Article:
This past weekend, we participated in a Labor Day tradition, a Great Lakes Fish Boil. This gathering is the ideal time to enjoy the bounty of our beautiful lakes and last weekend of summer. Since this may be a new experience for some readers, I thought I would explain our unique tradition.
We began by gathering supplies (enough for 12-16 people):
- 16 potatoes (scrubbed and ends cut off)
- 8 onions (peeled)
- 8 lbs. of fish, skin on (whitefish and lake trout are favorites)
- 1/2 lb. non-iodized salt, divided
- 8 lemon wedges
- Fresh herbs
- 3/4 c. melted butter
- Tartar sauce
This dish is prepared over the fire, so we also use the following:
- Large pot with wire handles
- Smaller pot that fits inside with holes drilled throughout the lower half (We also added a wire handle for easier removal)
- A stand to set the large pot over the fire (We use an old turkey fryer stand).
- A metal bar to put through the wire handles on the large pot (for easier removal after final boil over)
- One small cup of gasoline or kerosene for final boil over
- Heavy duty hot pads
- Shovel, hose, etc. for basic fire safety
NOTE: Because this dish is prepared over an open fire, all appropriate safety measures should be taken, including the use of heavy duty hot pads, the appropriate location for a large fire with a shovel and/or water, spectators should not sit or stand too close to fire as final burn off creates a large amount of heat, and children should NOT be involved with any of the cooking process.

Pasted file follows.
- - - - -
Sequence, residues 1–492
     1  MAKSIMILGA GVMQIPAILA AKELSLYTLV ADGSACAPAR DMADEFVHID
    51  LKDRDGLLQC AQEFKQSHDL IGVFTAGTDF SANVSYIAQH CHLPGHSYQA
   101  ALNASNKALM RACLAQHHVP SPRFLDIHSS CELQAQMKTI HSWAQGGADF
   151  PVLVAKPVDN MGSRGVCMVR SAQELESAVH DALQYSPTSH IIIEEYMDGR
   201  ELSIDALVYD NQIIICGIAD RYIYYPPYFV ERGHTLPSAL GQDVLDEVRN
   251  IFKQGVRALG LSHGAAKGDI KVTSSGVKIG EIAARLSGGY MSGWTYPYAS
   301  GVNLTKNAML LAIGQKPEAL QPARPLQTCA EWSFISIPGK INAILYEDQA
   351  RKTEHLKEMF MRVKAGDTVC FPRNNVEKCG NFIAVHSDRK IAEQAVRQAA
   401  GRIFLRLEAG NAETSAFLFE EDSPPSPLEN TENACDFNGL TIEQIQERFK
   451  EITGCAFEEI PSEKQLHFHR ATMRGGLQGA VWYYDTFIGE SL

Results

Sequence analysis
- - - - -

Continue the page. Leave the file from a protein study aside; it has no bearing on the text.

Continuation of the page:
First, we started a large bonfire and waited an hour or two for the appropriate cooking coals. Next, a large covered pot filled with two gallons of water is added to the fire. Once the water was boiling, we added 1/4 lb. salt.
Then the potatoes are added, cooking uncovered for 16 minutes. Later, we added onions, which cooked 4 minutes. After the onions were cooked, we added the last 1/4 lb. of salt.
Placing the fish in the smaller pot, we added the basket right on top of the potatoes and onions, cooking uncovered for 10 minutes.
Now, our favorite part, the final boil over! We carefully tossed a cup of kerosene on the fire, creating enough heat for the pot to boil over and reduce the fire’s intensity.
Then we removed the pot from the fire and placed our bounty on platters, the perfect end to summer! We usually serve with cole slaw and rolls. Thanks for reading!